Mother Nature is wise beyond anything we understand. Vitamin D isn’t in many foods, and the foods in which D is have low levels. We’re supposed to get D from the sun. We only get small amounts of it in our food. End of story. You can’t bottle the sun and the supplement fad of taking synthetic hormones is dangerous!
Yep! Vitamin D is actually not a vitamin. It’s a hormone (Source) and we aren’t meant to eat hormones. We’re meant eat the building blocks that our bodies use to make hormones, which include vitamins, minerals, and cholesterol (fat).
There’s no denying Vitamin D is a crucial hormone, but synthetic vitamin D supplements cause excessive absorption of calcium in the gut, which increases serum calcium levels, and can lead to arterial calcification (Source) as well as other soft tissue calcification. Isolated D also causes renal potassium wasting (Source) and a loss of magnesium. Nearly everyone that has an extremely deficient level of potassium on their hair test will have used Vitamin D supplements in the past.
Vitamin D and Vitamin A are essential co-partners in immunological and bone health., I’m particularly excited about vitamin A because of its profound effects on the gut mucosal immune system—a specialty of mine. Just as vitamin D has attracted attention for its ability to increase antimicrobial peptides and help us defeat pathogens, it’s fascinating to me that vitamin A is also essential for the very tissues that protect us from the same pathogens.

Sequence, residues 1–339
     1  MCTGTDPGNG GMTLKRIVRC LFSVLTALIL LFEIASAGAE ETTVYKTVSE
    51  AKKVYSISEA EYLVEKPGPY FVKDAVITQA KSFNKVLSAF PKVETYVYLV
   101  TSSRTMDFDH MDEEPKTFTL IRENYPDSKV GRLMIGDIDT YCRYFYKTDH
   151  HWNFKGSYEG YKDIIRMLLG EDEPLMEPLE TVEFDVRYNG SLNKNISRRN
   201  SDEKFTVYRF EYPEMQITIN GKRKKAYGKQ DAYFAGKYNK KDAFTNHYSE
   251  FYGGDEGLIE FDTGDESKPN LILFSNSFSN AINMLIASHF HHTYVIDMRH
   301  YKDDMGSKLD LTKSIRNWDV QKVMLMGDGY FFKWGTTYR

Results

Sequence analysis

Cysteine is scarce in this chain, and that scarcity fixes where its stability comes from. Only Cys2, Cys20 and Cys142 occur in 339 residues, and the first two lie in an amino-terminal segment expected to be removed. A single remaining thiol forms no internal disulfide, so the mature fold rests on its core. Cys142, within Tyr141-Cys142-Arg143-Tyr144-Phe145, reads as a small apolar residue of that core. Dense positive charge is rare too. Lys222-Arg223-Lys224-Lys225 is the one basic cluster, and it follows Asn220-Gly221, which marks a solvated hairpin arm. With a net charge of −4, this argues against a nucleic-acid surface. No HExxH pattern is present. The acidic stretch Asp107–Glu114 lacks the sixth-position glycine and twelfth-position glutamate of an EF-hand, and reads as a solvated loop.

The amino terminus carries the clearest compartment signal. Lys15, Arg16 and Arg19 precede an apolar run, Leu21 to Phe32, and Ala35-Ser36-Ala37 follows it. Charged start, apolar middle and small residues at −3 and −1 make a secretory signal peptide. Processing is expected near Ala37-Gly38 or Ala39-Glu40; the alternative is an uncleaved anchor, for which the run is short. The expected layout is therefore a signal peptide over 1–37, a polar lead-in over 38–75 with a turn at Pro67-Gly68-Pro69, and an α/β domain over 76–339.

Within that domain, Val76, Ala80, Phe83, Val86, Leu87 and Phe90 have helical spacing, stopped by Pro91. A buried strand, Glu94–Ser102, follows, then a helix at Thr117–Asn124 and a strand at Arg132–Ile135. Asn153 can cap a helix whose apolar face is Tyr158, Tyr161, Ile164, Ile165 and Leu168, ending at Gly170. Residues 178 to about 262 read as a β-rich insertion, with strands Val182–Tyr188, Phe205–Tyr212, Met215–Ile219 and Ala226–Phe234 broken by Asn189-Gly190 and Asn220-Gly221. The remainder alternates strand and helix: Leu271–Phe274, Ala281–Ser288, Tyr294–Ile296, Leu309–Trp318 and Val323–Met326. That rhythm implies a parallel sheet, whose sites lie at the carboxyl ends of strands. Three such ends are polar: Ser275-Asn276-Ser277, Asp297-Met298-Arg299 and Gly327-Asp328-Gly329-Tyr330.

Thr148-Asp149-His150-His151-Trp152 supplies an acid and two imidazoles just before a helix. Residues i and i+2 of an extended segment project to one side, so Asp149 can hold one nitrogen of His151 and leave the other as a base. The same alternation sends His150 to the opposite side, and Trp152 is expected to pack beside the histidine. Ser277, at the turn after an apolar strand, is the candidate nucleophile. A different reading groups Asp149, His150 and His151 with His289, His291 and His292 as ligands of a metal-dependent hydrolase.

The availability of vitamin A in our food is a key factor in a tolerant, highly functional immune system. To quote from the title of a brilliant commentary in the March 2008 issue of Nature’s Mucosal Immunology, “Vitamin A rewrites the ABCs of oral tolerance.”
In 1980, wholesale grain lobbyists, led by the American Bakers Association, began an experiment on our food supply—one that would have far reaching effects on our lives and our health. They would engage in a “super-enrichment” of our food supply, and hardly anyone noticed.
Below, we will show that this health experiment artificially normalized our appetites for foods that we should have lost our appetites for—and it ultimately contributed to the American obesity epidemic in a way that few obesity researchers have ever considered.
This will be a short chapter, but after you’re finished with it, you will know more about vitamins than 95% of clinical nutritionists, doctors, supplement sales force, or bodybuilders. If that sounds arrogant or overstated, it really isn’t my fault. I’m just a messenger; a purveyor of information. Either I’m right or the 95% are right; can’t be both.